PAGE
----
Musician? Boost Your Visibility at All About Jazz

Upgrade your AAJ musician page from standard to premium and make your presence felt!

Maximize your visibility at All About Jazz by upgrading your musician page from standard to premium. With it, you'll receive All About Jazz home page exposure, a highly stylized / ad-free musician page with bonus features and benefits, an ad, plus you control where you sell your music and so much more.
Learn More

Ella Fitzgerald: Just One Of Those Things

Ian Patterson BY

Sign in to view read count
Just One Of Those Things
Ella Fitzgerald
Eagle Rock
90 minutes

In the public mind, Ella Fitzgerald was unarguably one of the great jazz figures of the twentieth century. She mightn't be fetishized the way Billie Holiday, Miles Davis, John Coltrane or Chet Baker have been—there wasn't quite enough tragedy in the singer's life for that kind of attention—yet perhaps more than any other jazz musician, Fitzgerald is globally synonymous with The Great American Song Book.

The ninety-minute film-documentary Just One Of Those Things (Eagle Rock, 2019) charts Fitzgerald's life in fairly linear fashion, from her birth in 1917 to her death in 1996, duly marking the major steps in Fitzgerald's rise from obscurity to world-wide fame. It's an extraordinary tale, simply though elegantly steered by director Leslie Woodhead, the veteran British documentary maker.

A life-long jazz fan, Woodhead previously turned his lens on jazz photographer Herman Leonard, in the post-Katrina documentary Saving Jazz (BBC, 2011). He also collaborated with Leonard on his final book of pictures, Jazz (Atlantic Books, 2010) and made a film on Tony Bennett. Leonard's iconic photos of Fitzgerald grace Woodhead's film, while Bennett is one of a cast of luminaries who share their appreciation of Fitzgerald.

Biographer Judith Tick, author Margo Jefferson, singers Laura Maluva, Jamie Cullum, Patti Austin and Smokey Robinson, Fitzgerald's drummer Gregg Field, and her adopted son Ray Brown Jnr, are among those who, to varying degrees, shed light on Fitzgerald's life, times and art.

By far the best of these cameos is by former dancer Norma Miller—ninety-eight at time of filming—who reminisces about Fitzgerald's debut live performance, in Harlem in 1934, as a sixteen-year-old hopeful on the Apollo Theater's Amateur Night. Fitzgerald's shabby dress and shyness provoked laughter but that initial disdain disappeared when Fitzgerald began to sing. "She shut us up so quick you could hear a rat piss on cotton," the effervescent Miller recalls.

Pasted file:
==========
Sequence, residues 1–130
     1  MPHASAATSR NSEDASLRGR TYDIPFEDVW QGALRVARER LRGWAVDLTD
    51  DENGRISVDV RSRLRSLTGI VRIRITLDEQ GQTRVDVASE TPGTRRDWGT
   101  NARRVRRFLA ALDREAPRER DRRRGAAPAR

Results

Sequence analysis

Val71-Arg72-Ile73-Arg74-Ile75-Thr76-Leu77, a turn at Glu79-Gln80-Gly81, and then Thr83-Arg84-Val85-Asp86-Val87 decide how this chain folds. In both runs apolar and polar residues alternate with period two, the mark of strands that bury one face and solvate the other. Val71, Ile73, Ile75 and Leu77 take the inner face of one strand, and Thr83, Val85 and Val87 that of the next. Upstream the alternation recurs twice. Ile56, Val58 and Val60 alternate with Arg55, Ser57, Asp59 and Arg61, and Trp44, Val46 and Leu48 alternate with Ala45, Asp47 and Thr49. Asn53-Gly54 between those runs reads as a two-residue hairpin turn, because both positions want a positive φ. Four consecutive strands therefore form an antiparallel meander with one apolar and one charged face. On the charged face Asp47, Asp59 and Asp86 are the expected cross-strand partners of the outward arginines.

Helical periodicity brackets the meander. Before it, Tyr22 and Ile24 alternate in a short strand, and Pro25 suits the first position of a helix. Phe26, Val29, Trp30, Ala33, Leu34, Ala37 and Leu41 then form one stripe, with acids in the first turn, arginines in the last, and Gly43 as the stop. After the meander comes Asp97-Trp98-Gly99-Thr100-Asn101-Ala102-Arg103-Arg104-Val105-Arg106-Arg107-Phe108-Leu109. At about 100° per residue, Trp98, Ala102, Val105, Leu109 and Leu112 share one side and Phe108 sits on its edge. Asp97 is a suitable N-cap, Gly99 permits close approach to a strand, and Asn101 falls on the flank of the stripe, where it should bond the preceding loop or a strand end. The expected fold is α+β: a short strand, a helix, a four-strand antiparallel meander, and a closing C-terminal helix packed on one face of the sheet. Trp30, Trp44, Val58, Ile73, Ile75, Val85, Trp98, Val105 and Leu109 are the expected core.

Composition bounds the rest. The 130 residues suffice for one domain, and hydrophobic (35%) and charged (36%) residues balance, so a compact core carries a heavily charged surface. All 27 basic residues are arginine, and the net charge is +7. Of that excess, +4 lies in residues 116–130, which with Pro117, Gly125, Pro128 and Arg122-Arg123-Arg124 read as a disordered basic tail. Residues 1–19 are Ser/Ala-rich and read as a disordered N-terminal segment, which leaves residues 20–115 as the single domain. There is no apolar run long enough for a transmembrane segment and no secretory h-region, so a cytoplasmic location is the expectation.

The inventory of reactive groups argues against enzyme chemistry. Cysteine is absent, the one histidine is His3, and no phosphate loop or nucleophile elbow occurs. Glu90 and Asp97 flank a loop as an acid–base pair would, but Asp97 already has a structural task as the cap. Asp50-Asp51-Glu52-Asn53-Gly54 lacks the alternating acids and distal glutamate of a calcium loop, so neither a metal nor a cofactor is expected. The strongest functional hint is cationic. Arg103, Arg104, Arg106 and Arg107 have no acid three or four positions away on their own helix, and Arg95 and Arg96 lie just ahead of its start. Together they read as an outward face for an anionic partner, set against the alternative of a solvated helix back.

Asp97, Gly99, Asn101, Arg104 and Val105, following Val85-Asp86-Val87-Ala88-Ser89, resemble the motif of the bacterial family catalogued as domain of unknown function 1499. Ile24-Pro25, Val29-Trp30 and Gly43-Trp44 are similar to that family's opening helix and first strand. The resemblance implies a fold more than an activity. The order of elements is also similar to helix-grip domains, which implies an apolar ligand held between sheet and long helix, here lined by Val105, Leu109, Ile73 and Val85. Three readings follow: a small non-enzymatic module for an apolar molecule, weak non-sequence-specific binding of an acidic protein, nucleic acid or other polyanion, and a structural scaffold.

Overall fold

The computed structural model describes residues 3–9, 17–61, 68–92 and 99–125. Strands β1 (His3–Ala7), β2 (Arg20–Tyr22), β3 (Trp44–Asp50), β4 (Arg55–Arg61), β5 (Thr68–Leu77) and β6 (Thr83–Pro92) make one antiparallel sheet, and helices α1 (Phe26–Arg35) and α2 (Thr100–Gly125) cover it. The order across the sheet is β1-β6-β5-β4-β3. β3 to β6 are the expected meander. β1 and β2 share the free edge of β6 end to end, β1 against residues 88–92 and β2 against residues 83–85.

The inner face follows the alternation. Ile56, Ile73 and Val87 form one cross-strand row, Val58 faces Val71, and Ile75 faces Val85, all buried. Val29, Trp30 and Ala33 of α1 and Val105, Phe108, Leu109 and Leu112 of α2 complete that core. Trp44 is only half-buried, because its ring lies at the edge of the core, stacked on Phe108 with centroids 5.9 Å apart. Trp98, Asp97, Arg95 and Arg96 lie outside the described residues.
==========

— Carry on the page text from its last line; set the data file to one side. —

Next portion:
That Fitzgerald lost her mother at age thirteen, was sent to a dehumanizing reform school—from which she ran away—and spent time homeless on New York's streets, puts into perspective just how life-changing her success at the Apollo Theater's Amateur Night would prove. The adversity that Fitzgerald repeatedly overcame runs through Woodard's film like a leitmotif, as does the impression that Fitzgerald, for all the love showered on her by her audiences, was essentially a lonely individual.

Anyone seeking revelations or salacious detail from this film may be disappointed, for unlike some other jazz legends, Fitzgerald never succumbed to drink or drugs, led a seemingly solitary life following her divorce from Ray Brown in 1953, and was neither outspoken nor militant during the civil rights movement.

Perhaps the only record of Fitzgerald condemning the USA's endemic racism came during a 1963 radio interview with Fred Robins, when she spoke of her "embarrassment" when faced with questions from journalists abroad about the racial apartheid in her country. She describes the prejudice as "pitiful," but the programme, we learn, was never broadcast.

Race, inevitably, is another of the film's chief protagonists, and was an ever-present issue in Fitzgerald's lifetime. From her family's move from Virginia to New York in 1919 ---part of the decades-long Great Migration, when millions of Afro-Americans left the rural South for the cities of the Northeast and Midwest—to the refusal of numerous club owners/promoters to engage black artists, the measure of Fitzgerald's success can be seen against this racial climate. "Everything was race, " recalls dancer Norma Miller. "You couldn't go to Woolworth across the street."